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Accessibility Weekly

Indicating Language Changes



Amber Hinds

Equalize Digital

Amber Hinds is the CEO of Equalize Digital, Inc., a Certified B Corp specializing in WordPress accessibility, maker of the Accessibility Checker plugin, and lead organizer of the WordPress Accessibility Meetup and WP Accessibility Day conference.

Week 21

When building websites, it is crucial to declare the language used on the page or for any parts of pages when the language changes throughout the content. This declaration, using a lang attribute, helps to ensure accessibility for blind and visually impaired users and can help to ensure the fonts on the website are correctly formatted for sighted users.

How Language Attributes Support Accessibility

Lang Attributes Help People With Disabilities

Screen readers heavily rely on language attributes to accurately read the content of a page. Without these attributes, screen readers may struggle to determine the language of the page or post, resulting in missed sections of text or incorrect pronunciation to the listener.

For people utilizing braille keyboards and refreshable braille displays (typically people who are Deaf-blind), language attributes enable substituting control codes for accented characters, ensuring that words, phrases, and text sections are correctly translated into Braille.

Speech synthesizers that support multiple languages also require language attributes to orient themselves and utilize correct pronunciations and syntax. Without proper language attribution, a speech synthesizer may mispronounce the text, leading to difficulties in understanding for the user.

Lang Attributes Help Language Learners

Language attributes not only benefit individuals with disabilities but also assist those who speak different languages or who are translating your website. Some translation tools required the language to be declared in order to be able to accurately translate the page. 

Adding a language attribute will help to ensure that special characters are formatted appropriately for the language, which makes them easier for sighted people to read.

Here is an example of a post title written in Korean that is missing the language attribute:

Korean characters that are very boxy and have evenly stroked lines with minimal spacing between them.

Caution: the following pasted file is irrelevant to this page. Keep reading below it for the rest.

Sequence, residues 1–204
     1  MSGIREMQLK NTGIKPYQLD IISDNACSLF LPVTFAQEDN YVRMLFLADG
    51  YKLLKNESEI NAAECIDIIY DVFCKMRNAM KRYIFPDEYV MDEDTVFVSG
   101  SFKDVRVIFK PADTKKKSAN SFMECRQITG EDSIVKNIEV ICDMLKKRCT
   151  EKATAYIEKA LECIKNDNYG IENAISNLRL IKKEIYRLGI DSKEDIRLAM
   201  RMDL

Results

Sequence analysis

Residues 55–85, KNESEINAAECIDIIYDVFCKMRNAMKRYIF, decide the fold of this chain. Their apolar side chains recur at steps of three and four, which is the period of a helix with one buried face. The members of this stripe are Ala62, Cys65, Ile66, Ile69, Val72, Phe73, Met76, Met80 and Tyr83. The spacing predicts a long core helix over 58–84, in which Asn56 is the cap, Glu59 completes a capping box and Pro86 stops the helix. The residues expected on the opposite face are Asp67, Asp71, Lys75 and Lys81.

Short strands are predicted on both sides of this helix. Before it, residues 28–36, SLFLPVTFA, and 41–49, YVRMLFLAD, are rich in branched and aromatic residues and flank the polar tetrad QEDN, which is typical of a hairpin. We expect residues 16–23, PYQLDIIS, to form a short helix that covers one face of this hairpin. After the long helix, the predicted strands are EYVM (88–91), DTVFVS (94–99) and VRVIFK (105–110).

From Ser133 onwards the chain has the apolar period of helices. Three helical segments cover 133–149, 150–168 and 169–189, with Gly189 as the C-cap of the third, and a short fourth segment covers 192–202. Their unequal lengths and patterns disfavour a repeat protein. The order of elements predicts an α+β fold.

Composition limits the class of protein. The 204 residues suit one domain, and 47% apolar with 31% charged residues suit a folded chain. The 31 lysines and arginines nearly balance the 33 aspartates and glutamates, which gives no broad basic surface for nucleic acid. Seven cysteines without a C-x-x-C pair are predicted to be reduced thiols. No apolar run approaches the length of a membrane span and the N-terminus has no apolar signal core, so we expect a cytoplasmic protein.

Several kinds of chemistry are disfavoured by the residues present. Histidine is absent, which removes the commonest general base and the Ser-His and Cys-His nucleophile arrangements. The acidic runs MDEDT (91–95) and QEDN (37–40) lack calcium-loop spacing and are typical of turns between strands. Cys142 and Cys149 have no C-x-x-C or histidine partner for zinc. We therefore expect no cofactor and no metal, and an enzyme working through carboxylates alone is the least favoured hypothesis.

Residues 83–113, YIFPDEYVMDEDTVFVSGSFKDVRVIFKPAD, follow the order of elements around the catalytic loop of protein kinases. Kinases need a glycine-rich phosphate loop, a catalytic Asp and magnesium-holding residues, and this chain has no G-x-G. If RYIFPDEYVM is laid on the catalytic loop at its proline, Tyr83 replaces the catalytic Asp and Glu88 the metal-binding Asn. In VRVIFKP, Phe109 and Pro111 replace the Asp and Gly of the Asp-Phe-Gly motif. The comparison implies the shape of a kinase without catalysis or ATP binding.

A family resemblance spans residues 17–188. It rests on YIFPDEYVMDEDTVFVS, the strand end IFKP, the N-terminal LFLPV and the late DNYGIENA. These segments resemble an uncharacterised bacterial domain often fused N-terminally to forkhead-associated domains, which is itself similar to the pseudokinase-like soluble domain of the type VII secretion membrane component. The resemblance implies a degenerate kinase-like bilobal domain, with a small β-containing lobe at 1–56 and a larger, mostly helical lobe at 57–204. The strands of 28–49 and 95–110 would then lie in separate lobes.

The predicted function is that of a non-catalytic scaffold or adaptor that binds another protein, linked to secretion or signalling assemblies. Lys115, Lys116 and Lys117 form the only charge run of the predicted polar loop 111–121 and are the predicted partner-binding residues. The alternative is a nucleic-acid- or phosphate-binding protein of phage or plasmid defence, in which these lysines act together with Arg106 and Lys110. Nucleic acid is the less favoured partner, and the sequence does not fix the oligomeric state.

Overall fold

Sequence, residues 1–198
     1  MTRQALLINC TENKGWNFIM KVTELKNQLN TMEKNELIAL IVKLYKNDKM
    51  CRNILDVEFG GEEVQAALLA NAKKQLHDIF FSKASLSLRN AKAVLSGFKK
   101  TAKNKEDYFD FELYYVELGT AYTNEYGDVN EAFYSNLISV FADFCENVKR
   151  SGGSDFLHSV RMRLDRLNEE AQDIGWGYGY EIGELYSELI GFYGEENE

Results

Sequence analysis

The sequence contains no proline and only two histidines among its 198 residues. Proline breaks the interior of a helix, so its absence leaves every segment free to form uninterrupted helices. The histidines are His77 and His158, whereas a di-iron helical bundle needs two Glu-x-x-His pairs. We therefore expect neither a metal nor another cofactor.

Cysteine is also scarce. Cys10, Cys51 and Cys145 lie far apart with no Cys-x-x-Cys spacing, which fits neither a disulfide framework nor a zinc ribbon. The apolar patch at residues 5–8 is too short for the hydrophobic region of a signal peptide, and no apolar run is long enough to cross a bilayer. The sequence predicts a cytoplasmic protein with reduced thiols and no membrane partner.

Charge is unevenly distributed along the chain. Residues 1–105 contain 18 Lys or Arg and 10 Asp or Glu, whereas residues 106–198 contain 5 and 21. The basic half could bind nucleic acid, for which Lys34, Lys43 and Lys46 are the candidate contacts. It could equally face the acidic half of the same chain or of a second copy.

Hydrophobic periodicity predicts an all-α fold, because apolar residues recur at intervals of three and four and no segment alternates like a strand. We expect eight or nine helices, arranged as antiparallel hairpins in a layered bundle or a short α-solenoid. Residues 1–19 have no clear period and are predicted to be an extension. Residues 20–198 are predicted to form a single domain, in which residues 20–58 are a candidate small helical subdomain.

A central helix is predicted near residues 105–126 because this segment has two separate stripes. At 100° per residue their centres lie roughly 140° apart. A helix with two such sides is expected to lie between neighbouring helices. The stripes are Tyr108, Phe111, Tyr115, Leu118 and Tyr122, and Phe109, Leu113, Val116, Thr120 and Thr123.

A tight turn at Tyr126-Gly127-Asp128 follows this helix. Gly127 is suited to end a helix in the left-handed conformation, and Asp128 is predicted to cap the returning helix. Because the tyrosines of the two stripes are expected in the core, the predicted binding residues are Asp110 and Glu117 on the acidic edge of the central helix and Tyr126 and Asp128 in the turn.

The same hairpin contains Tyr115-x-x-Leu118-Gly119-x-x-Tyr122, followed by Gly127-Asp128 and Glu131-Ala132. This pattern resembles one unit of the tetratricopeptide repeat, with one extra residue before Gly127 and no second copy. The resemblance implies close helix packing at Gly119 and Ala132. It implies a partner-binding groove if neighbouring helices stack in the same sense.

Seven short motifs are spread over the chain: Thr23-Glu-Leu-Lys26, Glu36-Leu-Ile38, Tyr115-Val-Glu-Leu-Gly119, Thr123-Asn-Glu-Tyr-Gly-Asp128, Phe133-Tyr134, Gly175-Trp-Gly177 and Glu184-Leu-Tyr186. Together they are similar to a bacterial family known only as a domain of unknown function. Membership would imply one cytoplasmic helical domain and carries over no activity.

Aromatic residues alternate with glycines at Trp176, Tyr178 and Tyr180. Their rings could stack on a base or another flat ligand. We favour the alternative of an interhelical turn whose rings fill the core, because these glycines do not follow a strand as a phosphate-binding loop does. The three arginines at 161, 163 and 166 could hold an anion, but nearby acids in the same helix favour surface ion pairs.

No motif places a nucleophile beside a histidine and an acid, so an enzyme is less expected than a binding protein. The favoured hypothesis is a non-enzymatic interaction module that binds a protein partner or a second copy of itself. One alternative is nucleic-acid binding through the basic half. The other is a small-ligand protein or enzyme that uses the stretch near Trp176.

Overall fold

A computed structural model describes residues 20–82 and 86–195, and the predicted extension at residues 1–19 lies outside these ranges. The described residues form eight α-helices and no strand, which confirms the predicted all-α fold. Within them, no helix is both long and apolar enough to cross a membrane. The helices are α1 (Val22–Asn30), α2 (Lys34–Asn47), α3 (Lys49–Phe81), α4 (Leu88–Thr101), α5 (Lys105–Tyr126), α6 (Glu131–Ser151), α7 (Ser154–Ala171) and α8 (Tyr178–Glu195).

Compare that to this image of the same title with the lang attribute defined:

Korean characters that appear to be painted with a brush and are more widely spaced.

Adding the lang attribute tells the browser that these are Korean characters and allows it to display the characters with proper font styling: showing brushstrokes, varied weight on the characters, and wider spacing. This makes the Korean characters easier to read for someone who is a native Korean speaker or someone who is just learning Korean.

Bonus: Lang Attributes Help SEO

Search engines utilize language attributes to understand the content on the page. Proper use of lang attributes can help improve search ranking, especially for searches in that language, and may bring more speakers of that language to the page. 

How to Declare the Language in HTML

In HTML, you can declare the language of a page by using the “lang” attribute. There are two places that you might need to declare language: on the entire page itself and for any sections of text where the language changes within the page.

Setting a Lang Attribute for the Entire Page

To declare the language of the entire page, a lang attribute should be applied to the opening HTML tag, indicating the primary language used throughout the document.

In WordPress, this should be handled by the theme, and most modern themes do this for you. However, if the theme author has failed to define the language, you may see a Missing Language Declaration error in accessibility testing tools like Equalize Digital Accessibility Checker or WAVE.

Here’s an example of how the lang attribute can be set for the entire page on the HTML tag at the start of the page. Note that this should be before the <head> tag, not in it.